What’s the next step for voting rights in Georgia?

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From lawsuits and legislation to persistent false allegations of fraud in 2020, Georgia holds a central role in the national conversation about voting rights and elections.

This week, Democrats on the U.S. Senate Rules Committee held the first field hearing in two decades at the Center for Civil and Human Rights to hear restrictive voting changes across the country and push for legislation federal voting rights – something that seems unlikely. in its current form.

Georgia’s 98-page SB 202 is the centerpiece of discussions on voting rights and access to the ballot, after the bill was introduced in part due to record absenteeism by correspondence and after that Democrats narrowly reversed state electoral votes and U.S. Senate seats – an outcome some GOP leaders and voters refuse to acknowledge could have happened without fraud.

“It is no coincidence that this attack on the freedom to vote comes just after the 2020 election, when nearly 160 million Americans voted – more than ever before – in the midst of a pandemic, during “An election for the Trump Department of Homeland Security has been declared the safest in history,” committee chair Senator Amy Klobuchar said at the hearing.

Georgian senator Jon Ossoff, a committee member, said changes to Georgia’s election administration that include new identification requirements for voting by mail, expanded access to early voting in small counties and tighter deadlines for many parts of the voting process “are not intended to solve any real problem.

“The only real problem for the Georgia GOP is that they lost,” Ossoff said. “But don’t take it from the Democrats, don’t take it from me – take it from them. Take it from our Republican Lieutenant Governor Geoff Duncan, take it from our Republican Secretary of State Brad Raffensperger. from the director of operations in the office of Secretary of State Gabriel Sterling, who all swore on several occasions that there was no evidence of widespread fraud, that this was a successful secure election. ”

Raffensperger and Duncan have become party outcasts for exposing allegations of mass fraud that could overturn election results, with the Secretary of State facing several main challengers and the Lieutenant Governor choosing not to run for a second term .

Spurred on by former President Trump and a friendly right-wing media ecosystem, many prominent candidates and lawmakers have spent the past eight months making baseless statements and attempting to overturn the certified election results.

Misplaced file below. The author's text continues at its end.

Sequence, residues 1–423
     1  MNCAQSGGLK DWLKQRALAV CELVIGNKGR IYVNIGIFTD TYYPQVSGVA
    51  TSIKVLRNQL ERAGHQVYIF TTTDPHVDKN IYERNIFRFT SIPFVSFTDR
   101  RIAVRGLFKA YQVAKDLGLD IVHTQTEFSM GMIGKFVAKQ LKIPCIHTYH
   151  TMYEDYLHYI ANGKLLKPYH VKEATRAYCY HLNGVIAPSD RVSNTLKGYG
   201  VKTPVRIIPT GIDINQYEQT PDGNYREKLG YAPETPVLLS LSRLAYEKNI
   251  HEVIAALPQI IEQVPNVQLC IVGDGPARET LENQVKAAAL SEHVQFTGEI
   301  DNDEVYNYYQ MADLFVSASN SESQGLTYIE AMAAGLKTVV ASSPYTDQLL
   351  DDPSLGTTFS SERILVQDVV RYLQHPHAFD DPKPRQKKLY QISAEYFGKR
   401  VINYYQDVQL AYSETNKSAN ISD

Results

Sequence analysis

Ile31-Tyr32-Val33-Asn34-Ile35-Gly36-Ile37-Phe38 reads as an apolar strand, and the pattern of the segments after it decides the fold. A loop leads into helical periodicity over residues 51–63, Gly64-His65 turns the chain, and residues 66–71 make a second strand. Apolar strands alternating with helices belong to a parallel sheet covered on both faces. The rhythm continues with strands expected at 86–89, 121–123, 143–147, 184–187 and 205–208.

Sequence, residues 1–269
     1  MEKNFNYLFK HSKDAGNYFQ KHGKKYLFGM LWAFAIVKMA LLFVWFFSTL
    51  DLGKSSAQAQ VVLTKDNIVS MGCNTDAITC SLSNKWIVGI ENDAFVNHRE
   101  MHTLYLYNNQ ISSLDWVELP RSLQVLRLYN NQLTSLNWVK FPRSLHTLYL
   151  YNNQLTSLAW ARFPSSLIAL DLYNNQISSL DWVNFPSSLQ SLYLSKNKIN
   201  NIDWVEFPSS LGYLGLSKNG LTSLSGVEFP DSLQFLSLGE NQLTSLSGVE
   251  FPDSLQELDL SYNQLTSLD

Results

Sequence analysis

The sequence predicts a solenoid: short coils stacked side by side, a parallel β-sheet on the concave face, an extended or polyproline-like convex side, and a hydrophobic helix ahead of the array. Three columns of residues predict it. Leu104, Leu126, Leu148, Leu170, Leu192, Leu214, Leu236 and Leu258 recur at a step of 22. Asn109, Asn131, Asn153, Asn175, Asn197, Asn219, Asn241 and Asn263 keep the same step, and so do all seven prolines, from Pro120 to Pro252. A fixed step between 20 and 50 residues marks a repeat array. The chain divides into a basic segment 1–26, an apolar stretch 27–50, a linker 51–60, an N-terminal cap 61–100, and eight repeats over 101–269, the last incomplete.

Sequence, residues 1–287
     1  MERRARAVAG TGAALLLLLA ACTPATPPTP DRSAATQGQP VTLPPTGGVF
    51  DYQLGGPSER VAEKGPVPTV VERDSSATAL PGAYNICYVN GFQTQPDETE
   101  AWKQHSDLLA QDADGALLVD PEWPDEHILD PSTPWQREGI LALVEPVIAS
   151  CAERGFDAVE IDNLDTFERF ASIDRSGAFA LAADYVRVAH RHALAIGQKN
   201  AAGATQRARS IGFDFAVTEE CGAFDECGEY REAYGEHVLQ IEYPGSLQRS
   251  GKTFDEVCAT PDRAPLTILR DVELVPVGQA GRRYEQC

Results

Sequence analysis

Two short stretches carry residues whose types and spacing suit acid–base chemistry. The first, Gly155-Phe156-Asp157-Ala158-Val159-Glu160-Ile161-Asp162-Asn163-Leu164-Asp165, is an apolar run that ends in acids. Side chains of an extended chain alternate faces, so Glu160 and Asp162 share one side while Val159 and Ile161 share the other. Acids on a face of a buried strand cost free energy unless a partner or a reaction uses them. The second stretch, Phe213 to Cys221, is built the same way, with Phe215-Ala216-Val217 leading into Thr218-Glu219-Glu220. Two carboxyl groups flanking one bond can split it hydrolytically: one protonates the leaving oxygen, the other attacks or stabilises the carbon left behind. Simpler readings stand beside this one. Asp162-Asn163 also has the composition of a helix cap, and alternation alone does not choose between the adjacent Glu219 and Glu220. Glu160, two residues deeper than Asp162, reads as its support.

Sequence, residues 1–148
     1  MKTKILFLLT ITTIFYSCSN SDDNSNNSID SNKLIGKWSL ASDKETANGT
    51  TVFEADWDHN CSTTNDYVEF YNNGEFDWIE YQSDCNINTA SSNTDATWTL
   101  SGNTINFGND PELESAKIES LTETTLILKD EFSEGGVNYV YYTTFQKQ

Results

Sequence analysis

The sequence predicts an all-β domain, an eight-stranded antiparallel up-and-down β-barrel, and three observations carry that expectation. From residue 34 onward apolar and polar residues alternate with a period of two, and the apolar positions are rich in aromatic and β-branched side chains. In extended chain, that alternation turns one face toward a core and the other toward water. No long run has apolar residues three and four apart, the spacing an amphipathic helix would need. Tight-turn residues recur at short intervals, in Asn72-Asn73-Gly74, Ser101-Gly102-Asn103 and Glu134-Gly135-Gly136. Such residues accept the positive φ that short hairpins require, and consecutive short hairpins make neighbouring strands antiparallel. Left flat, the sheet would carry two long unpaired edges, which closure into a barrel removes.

What is in dispute?

Georgia is no stranger to dramatic voting changes and acts that rob black voters of their rights, from the killings of voting defenders in the days of Ku Klux Klan reconstruction to former Atlanta Newspaper Owner Hoke Smith actively winning the governor’s race in 1906 as a Democrat on a (successful) platform of Jim Crow laws that effectively ended black political participation for decades.

A recent GPB News / ProPublica analysis of polling stations in the Atlanta metro area showed overcrowded voting sites in non-white areas, with longer queues in predominantly black neighborhoods that saw a higher proportion higher in-person votes as well as an increase in voter registration. Decisions about polling stations are made at the county level, and these predominantly Democratic counties contain almost half of the state’s active voters, but only 38% of the polling stations.

Now, the sweeping voting law enacted by the Republican-controlled General Assembly has sparked a new storm of criticism over access to the ballot, coupled with the baseless allegations by many prominent Republicans about fraud and misconduct during the election. elections and the false claims that former President Trump won the state.

While some provisions of the law are welcomed by local election officials or make seemingly neutral changes to Georgia’s electoral process, at least eight federal lawsuits challenging parts of SB 202 have been filed, alleging intentional racial discrimination.